ABSTRACT: This thesis presents the design and characterization of a MEMS based intensity modulated optical microphone. Sensors based on optical techniques are less susceptible to electromagnetic and radio frequency interference. They can thus operate in harsh environments where sensors based on electrical transduction principles cannot be used. Using MEMS technology to fabricate the microphones results in the batch fabrication of a large number of small devices with matched properties and low cost. The small size of the device improves the spatial resolution of the measured acoustic signal. The optical microphone is a multi-domain system that involves the transduction of the pressure variations of the input acoustic signal to mechanical vibrations of a diaphragm. This in turn modulates the intensity of a reference laser beam that is converted to a modulated electrical signal using a photodetector. The design of each of the transduction stages is presented along with theoretical formulations for the key parameters such as sensitivity, linearity, and noise sources. An electrical equivalent circuit for the overall microphone system has been developed using lumped element modeling. A process flow for the fabrication of the device was developed. A prototype system using a similar MEMS device was built and characterized. The results of the characterization performed on a prototype device in a normal incidence plane wave tube from 1kHz to 6.4kHz are presented. The optical microphone has a sensitivity of 151uV/Pa from 1kHz to 6.4kHz. The phase response of the optical microphone decreases from 10deg at 1kHz to -41deg. at 6.4kHz. A proof of concept of a MEMS based intensity modulated optical microphone has thus been demonstrated.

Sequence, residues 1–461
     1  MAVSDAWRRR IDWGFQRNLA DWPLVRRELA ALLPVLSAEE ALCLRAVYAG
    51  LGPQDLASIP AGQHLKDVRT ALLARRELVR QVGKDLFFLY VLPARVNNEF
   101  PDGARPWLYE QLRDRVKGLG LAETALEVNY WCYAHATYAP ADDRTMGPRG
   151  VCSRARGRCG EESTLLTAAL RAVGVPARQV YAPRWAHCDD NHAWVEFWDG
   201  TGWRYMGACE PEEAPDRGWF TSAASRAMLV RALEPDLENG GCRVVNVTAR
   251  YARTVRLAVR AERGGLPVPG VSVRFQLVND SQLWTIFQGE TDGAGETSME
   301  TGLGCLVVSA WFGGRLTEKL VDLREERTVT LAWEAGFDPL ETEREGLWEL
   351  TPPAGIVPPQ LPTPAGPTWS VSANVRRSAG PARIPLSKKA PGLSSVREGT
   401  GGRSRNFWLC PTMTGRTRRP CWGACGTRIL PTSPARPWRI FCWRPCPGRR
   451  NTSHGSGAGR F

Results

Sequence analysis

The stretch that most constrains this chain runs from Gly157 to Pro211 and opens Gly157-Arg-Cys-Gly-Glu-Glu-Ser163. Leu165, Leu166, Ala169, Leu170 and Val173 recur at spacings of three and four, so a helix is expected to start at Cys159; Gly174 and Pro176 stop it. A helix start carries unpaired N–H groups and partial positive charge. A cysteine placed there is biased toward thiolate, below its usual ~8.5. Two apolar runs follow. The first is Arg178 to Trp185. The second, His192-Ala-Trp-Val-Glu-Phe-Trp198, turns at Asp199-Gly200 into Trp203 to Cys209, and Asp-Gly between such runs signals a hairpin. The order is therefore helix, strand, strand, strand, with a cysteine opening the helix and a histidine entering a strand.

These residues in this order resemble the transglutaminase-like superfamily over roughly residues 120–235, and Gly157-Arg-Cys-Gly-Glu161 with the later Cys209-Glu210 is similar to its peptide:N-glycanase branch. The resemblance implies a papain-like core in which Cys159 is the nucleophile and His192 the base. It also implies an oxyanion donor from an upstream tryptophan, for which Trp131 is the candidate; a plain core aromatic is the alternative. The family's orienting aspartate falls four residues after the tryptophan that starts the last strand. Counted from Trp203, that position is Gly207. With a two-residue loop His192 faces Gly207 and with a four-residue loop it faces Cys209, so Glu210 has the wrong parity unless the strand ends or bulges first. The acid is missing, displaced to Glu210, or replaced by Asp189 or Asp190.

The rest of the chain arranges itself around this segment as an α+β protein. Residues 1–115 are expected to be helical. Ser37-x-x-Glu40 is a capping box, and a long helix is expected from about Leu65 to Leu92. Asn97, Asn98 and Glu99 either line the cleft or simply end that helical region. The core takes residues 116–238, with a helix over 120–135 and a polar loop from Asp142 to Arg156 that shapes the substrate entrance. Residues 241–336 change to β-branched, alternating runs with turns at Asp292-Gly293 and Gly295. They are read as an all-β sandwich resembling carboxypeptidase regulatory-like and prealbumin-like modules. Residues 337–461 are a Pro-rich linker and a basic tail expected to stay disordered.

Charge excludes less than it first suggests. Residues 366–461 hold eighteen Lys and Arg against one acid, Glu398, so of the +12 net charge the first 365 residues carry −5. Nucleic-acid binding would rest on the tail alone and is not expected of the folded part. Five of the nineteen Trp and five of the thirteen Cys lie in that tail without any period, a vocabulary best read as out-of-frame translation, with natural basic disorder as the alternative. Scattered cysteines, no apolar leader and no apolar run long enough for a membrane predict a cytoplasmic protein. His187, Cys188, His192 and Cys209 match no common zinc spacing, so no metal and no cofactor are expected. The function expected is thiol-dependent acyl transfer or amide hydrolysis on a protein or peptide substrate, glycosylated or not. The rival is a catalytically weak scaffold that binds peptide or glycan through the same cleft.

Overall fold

Thesis: